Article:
Organizations around the world, in nearly all industries, have experienced some degree of stress or turmoil caused by the global economic recession. In this environment, internal auditors are playing a vital and growing role in monitoring and helping improve organization-wide systems, processes and controls. This role likely will continue to grow in the next few years as organizations address not only financial pressures, but also regulatory pressures that governments impose in response to the financial crisis.
With this is mind, the April 2009 MIS SuperStrategies conference in Las Vegas, included a panel discussion that moderately focused on, “Internal Audit and its Formidable Challenges.” As sometimes happens on these panels, one question in particular grabbed the panel’s attention and led to a lively discussion. The answers sparked by the question, “What do you think are the greatest challenges in the next three to five years?” proved to be the basis of this article.
The answers that follow distill thoughts from the entire panel:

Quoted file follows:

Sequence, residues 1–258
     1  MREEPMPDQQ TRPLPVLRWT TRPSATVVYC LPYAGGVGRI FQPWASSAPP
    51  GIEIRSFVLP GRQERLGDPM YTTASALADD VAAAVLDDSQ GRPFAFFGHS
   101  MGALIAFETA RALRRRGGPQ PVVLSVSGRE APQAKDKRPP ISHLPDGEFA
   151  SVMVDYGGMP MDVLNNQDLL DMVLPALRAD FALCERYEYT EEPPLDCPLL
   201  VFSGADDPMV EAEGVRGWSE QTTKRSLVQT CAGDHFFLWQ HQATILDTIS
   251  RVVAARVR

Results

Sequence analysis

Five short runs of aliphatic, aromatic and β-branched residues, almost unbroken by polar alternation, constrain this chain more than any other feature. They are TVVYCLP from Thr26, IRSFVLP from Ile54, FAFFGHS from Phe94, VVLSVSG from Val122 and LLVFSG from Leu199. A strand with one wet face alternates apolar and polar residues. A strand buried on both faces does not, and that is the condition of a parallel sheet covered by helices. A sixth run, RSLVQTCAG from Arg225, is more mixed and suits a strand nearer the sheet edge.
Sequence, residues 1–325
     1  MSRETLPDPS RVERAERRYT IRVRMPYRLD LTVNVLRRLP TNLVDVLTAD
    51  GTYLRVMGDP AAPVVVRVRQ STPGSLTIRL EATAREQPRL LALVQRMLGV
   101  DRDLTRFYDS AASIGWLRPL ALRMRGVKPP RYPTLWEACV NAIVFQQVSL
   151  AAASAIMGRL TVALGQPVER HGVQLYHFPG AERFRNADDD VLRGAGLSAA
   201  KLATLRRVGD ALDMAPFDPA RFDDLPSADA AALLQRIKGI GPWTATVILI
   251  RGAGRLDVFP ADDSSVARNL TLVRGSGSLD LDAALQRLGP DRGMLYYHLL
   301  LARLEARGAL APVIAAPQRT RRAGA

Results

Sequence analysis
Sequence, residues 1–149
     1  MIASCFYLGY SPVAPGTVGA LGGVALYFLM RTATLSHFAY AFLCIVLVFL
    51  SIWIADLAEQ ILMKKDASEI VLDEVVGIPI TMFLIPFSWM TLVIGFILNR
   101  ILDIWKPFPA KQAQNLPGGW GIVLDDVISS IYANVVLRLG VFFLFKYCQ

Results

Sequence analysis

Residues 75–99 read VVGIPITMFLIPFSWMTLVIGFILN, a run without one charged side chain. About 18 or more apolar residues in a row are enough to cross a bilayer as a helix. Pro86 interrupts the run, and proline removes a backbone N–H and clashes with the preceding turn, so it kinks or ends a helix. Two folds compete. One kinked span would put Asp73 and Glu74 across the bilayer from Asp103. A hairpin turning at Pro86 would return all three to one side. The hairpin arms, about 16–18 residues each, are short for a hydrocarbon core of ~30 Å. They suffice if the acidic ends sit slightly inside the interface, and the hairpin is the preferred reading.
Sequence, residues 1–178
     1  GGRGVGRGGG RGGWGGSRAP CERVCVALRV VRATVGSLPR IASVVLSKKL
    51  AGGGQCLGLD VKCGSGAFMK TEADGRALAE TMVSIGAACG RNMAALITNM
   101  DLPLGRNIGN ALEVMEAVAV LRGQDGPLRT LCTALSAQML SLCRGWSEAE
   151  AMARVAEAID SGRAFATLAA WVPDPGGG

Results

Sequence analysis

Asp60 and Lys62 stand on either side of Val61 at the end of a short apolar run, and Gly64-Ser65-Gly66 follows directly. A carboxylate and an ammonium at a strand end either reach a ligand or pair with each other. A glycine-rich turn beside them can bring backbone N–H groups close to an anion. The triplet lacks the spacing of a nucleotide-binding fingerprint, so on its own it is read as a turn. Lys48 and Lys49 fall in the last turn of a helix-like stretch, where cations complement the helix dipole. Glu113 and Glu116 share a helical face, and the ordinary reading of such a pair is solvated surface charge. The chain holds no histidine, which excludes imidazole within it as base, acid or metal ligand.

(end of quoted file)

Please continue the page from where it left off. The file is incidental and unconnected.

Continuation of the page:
- Carolyn Sloan, CPA, Vice President, Internal Audit, Temple-Inland;
- Robert A. King, CPA, CISA, CFE, Vice President, FedEx Corporation;
- Sandra L. Cartie, CPA, Chief Audit Executive, Bristol-Myers Squibb Company;
- Karl Riem, CPA, CISA Senior Vice President, Senior Audit Director, Wells Fargo; and
- Robert B. Hirth, Jr., CPA, CA, Managing Director, Protiviti.
The responses to this question appear below in no particular order of importance.
1) Focus internal audit work so that it is risk-based, not just transaction-based – This means internal audit must look at the true risks the organization faces. For example, supply capability risk is often overlooked or underappreciated in many organizations. Internal auditors need to evaluate key suppliers’ economic viability and business models to make sure they have the infrastructure to remain reliable suppliers as market and financial conditions change. Furthermore, it is often necessary to evaluate the suppliers’ own suppliers. If we look at the current upheaval in the automotive and financial sectors, we see how the supply chain can be easily threatened.
2) Harness data analytics and use data in the planning process to structure audits that add real value – This relates to becoming more risk-focused, in that the proper use of data and analytics can focus audits on what is really important to the company. Even today, despite investments in technology designed to collect, extract and analyze data, many audits provide less value than they should. This is because they target things that pose little risk and therefore are not important to the organization.